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Abstract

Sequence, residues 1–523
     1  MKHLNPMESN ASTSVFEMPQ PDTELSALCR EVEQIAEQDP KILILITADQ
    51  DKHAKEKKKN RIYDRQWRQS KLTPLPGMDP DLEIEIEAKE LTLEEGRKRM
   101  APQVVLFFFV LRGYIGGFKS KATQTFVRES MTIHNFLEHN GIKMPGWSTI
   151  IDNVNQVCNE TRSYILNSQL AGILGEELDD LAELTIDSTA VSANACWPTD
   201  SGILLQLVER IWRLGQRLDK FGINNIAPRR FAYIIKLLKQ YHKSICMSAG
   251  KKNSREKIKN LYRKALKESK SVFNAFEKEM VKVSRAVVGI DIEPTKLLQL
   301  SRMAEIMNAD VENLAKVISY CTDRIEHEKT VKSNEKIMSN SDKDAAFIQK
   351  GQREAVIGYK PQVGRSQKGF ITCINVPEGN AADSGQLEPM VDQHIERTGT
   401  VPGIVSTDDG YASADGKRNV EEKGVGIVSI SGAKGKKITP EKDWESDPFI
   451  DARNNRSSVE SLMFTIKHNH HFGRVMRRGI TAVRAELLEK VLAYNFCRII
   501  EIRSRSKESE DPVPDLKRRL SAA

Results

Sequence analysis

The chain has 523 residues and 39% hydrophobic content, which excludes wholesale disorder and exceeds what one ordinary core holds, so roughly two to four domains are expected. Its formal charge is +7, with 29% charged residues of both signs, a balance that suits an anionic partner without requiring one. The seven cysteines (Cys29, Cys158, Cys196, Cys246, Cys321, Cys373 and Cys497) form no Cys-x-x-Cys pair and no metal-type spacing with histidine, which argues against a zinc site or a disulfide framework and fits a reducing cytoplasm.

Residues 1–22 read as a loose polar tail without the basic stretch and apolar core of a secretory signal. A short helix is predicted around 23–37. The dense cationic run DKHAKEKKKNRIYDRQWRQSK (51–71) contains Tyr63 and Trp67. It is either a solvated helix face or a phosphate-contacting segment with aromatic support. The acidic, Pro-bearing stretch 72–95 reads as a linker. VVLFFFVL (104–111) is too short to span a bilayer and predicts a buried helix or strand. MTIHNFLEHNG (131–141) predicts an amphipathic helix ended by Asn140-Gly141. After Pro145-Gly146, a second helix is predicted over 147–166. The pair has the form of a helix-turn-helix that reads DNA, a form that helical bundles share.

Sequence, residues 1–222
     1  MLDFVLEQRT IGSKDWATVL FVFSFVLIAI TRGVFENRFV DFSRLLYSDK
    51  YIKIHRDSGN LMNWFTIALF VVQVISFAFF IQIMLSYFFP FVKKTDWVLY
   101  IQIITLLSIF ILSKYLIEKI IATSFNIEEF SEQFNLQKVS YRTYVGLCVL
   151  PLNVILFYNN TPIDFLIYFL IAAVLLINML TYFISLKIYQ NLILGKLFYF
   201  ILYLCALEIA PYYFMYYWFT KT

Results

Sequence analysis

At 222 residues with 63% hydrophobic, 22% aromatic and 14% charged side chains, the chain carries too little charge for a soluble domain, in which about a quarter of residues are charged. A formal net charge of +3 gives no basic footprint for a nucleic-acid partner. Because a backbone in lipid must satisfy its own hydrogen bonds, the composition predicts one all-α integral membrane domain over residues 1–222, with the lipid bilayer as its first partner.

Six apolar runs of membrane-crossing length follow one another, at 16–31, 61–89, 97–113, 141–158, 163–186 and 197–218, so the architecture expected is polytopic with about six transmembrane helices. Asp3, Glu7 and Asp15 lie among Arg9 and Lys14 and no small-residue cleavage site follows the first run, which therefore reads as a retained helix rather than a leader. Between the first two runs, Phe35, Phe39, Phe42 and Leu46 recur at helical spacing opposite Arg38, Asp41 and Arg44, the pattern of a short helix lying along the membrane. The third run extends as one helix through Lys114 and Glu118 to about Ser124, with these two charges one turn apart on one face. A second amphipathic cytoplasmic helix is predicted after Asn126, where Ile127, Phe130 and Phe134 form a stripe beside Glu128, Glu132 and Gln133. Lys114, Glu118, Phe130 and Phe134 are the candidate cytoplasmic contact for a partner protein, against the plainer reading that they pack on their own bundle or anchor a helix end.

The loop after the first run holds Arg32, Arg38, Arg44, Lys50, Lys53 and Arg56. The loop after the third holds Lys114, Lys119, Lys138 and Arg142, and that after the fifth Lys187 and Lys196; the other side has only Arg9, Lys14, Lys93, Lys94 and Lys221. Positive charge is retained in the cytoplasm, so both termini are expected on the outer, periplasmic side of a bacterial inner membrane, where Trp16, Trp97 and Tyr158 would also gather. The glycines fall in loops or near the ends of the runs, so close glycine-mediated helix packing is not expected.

This paper addresses the rise and consequences of an emerging global education industry (GEI), which represents new forms of private, for profit involvement in education across the globe. The paper explores the emergence within the GEI of new and varied, largely transnational, markets in education by focusing on three examples of the GEI at work. The first example addresses the issue of Charter Schools, what they have come to represent, how they have been implemented, and, especially, the impact they have had on public schooling more broadly. While they have taken different forms in different places, they have succeeded in installing the idea of quasi-markets in education, which has been directly instrumental in opening up opportunities for private investment in education. The second example concerns the ways that the increasingly global standardisation of education policies, provision and practices, presents lucrative opportunities for investment and profit. The forms and consequences of such standardisation are described in the contrasting cases of Qatar, Mongolia and Indonesia. The third example concerns low-fee private schools in the Global South. Far from such schools being seen as local initiatives, the paper shows how they have become a major opportunity for profitable investment by international corporations.

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